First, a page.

Source: The American Journal of Cardiology - February 1, 2021 Category: Cardiology Authors: Manan Pareek, Avinainder Singh, Lina Vadlamani, Maxwell Eder, Justin Pacor, Jakob Park, Zaniar Ghazizadeh, Alex Heard, Ana Sofia Cruz-Solbes, Roozbeh Nikooie, Chad Gier, Zain V. Ahmed, James V. Freeman, Judith Meadows, Kim G.E. Smolderen, Rachel Lampert, Source Type: research

Usefulness of Beta-Blockers to Control Symptoms in Patients with Pericarditis
Conventional therapy of pericarditis includes anti-inflammatory drugs (e.g. non-steroidal anti-inflammatory drugs, colchicine, corticosteroids) for pain control and relief.1,2 Exercise restriction is a non-pharmacologic component of medical therapy and it is recommended by contemporary guidelines.2,3 Pericardial pain is triggered and worsened by friction of inflamed pericardial layers. A plausible hypothesis is that a reduction of heart rate could be helpful to achieve a better control of symptoms in pericarditis by reducing the friction of inflamed pericardial layers, and thus mechanical inflammation. (Source: The America...
Source: The American Journal of Cardiology - February 1, 2021 Category: Cardiology Authors: Massimo Imazio, Alessandro Andreis, Alessandra Agosti, Francesco Piroli, Stefano Avondo, Matteo Casula, Elena Paneva, Gabriele Barberi Squarotti, Carla Giustetto, Gaetano Maria De Ferrari Source Type: research

Usefulness of the Duke Activity Status Index to Select an Optimal Cardiovascular Exercise Stress Test Protocol
Exercise testing represents the preferred stress modality for individuals undergoing evaluation of suspected myocardial ischemia. Individuals with limited functional status may be unable to achieve an adequate exercise stress, thus influencing the diagnostic sensitivity of the results. The Duke Activity Status Index (DASI) is a clinically applicable tool to estimate exercise capacity. The purpose of the current study was to assess the utility of the DASI to identify individuals unable to achieve an adequate exercise stress result. (Source: The American Journal of Cardiology)
Source: The American Journal of Cardiology - January 31, 2021 Category: Cardiology Authors: Justin M. Canada, Mary Ann Reynolds, Rachel Myers, Josh West, Katey Sweat, Colton Powell, Virginia McGhee, Michael C. Kontos, Hem Bhardwaj, Antonio Abbate, Ross Arena, W. Gregory Hundley Tags: Full Length Article Source Type: research

Meta-analysis of Population Characteristics and Outcomes of Patients Undergoing Pericardiectomy for Constrictive Pericarditis
We sought to systematically describe the epidemiology, etiology, clinical and operative characteristics as well as outcomes of patients undergoing pericardiectomy for constrictive pericarditis in the contemporary era. We conducted a systematic search of the MEDLINE, Embase and Cochrane databases from their inception to April 1, 2020 for studies assessing the outcomes of pericardiectomy in patients with constrictive pericarditis. Studies with patients enrolled before 1985, pediatric patients or studies including>10% tuberculous pericarditis were excluded. (Source: The American Journal of Cardiology)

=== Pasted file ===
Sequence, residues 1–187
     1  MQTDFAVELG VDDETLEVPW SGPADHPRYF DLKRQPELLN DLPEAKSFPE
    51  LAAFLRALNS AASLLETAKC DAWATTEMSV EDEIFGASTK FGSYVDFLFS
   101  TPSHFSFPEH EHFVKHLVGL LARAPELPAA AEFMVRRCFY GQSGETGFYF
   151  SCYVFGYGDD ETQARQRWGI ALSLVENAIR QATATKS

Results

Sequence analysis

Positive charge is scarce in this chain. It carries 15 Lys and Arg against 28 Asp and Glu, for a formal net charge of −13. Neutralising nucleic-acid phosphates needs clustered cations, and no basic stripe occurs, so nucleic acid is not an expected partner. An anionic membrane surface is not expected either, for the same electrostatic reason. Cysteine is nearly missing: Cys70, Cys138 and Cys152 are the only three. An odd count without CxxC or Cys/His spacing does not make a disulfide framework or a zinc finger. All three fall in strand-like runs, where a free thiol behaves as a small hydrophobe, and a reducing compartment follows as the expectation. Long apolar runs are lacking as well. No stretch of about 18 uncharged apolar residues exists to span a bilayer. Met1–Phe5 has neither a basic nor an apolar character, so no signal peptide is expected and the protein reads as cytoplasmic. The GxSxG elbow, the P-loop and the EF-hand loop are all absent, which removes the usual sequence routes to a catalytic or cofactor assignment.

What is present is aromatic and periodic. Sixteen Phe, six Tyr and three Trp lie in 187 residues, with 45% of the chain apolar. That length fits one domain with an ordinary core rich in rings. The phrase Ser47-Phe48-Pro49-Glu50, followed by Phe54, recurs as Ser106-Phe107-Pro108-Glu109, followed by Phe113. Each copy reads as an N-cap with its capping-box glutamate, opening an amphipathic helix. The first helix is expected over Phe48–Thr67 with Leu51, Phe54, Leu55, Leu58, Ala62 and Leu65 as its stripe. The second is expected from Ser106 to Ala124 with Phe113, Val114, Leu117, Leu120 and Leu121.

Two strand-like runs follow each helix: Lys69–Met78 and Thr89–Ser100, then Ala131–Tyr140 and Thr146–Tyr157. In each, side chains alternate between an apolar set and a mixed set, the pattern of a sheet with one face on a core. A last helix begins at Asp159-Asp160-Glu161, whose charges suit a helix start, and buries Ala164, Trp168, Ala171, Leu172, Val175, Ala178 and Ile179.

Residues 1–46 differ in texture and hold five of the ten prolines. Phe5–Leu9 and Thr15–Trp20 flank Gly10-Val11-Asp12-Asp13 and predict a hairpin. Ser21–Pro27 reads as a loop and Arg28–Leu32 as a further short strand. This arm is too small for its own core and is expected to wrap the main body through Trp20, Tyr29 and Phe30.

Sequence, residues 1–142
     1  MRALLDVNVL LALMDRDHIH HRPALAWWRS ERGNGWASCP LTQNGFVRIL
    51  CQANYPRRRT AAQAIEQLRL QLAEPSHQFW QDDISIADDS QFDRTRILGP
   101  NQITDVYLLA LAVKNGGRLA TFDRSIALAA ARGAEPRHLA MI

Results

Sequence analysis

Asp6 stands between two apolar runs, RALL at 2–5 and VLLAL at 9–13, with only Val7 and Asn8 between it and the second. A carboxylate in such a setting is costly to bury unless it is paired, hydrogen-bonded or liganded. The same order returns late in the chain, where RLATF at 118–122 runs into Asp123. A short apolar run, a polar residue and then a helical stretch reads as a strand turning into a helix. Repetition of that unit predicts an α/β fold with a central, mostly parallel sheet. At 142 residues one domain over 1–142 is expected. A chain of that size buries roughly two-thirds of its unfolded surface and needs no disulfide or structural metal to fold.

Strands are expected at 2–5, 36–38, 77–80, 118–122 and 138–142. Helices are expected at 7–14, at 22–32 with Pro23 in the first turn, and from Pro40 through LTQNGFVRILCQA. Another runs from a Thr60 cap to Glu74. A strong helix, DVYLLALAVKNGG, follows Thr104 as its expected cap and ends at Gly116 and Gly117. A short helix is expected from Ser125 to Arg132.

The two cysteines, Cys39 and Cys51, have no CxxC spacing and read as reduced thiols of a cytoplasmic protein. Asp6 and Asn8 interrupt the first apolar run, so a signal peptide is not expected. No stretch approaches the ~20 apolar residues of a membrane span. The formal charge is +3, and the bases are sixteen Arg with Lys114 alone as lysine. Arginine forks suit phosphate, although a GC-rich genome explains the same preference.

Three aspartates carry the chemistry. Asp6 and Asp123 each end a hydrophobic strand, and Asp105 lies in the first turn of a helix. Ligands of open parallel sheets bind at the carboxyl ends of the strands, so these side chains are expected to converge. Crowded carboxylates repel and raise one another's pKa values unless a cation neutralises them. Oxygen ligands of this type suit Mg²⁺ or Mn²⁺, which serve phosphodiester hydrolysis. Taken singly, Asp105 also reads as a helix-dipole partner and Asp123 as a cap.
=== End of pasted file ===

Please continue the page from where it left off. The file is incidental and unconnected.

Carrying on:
Source: The American Journal of Cardiology - January 31, 2021 Category: Cardiology Authors: Aspasia Tzani, Ilias P. Doulamis, Andreas Tzoumas, Dimitrios V. Avgerinos, Dimitrios Koudoumas, Gerasimos Siasos, Manolis Vavuranakis, Allan Klein, Polydoros N. Kampaktsis Source Type: research

Effect of High-Density Lipoprotein Cholesterol Levels on Overall Survival and Major Adverse Cardiovascular and Cerebrovascular Events
In this study, we report the effect of HDL-C levels on overall survival outcomes and rates of MACCE following percutaneous coronary intervention (PCI). We reviewed patients who underwent PCI at the Cleveland Clinic from 2005 through 2017 and followed them through the end of 2018. Restricted cubic splines incorporated into Cox proportional hazard regression models were used to assess the outcomes. (Source: The American Journal of Cardiology)
Source: The American Journal of Cardiology - January 30, 2021 Category: Cardiology Authors: Manpreet Kaur, Keerat Rai Ahuja, Shameer Khubber, Leon Zhou, Beni Rai Verma, Chandramohan Meenakshisundaram, Mohamed M Gad, Anas Saad, Kamalpreet Dhaliwal, Toshiaki Isogai, Jeevanatham Rajeswaran, Andrew Toth, Johnny Chahine, Leslie Cho, Rishi Puri, Samir Source Type: research

Meta-analysis of Valve-in-valve Transcatheter Aortic Valve Implantation Versus Redo-surgical Aortic Valve Replacement in Failed Bioprosthetic Aortic Valve
This meta-analysis was conducted to compare clinical outcomes of valve-in-valve transcatheter aortic valve implantation (ViV-TAVI) versus redo-surgical aortic valve replacement (Redo-SAVR) in failed bioprosthetic aortic valves. We conducted a comprehensive review of previous publications of all relevant studies through August 2020. Twelve observational studies were included with a total of 8,430 patients, and a median-weighted follow-up period of 1.74 years. A pooled analysis of the data showed no significant difference in all-cause mortality (OR 1.15; 95% CI 0.93 – 1.43; p=0.21), cardiovascular mortality, myocardial...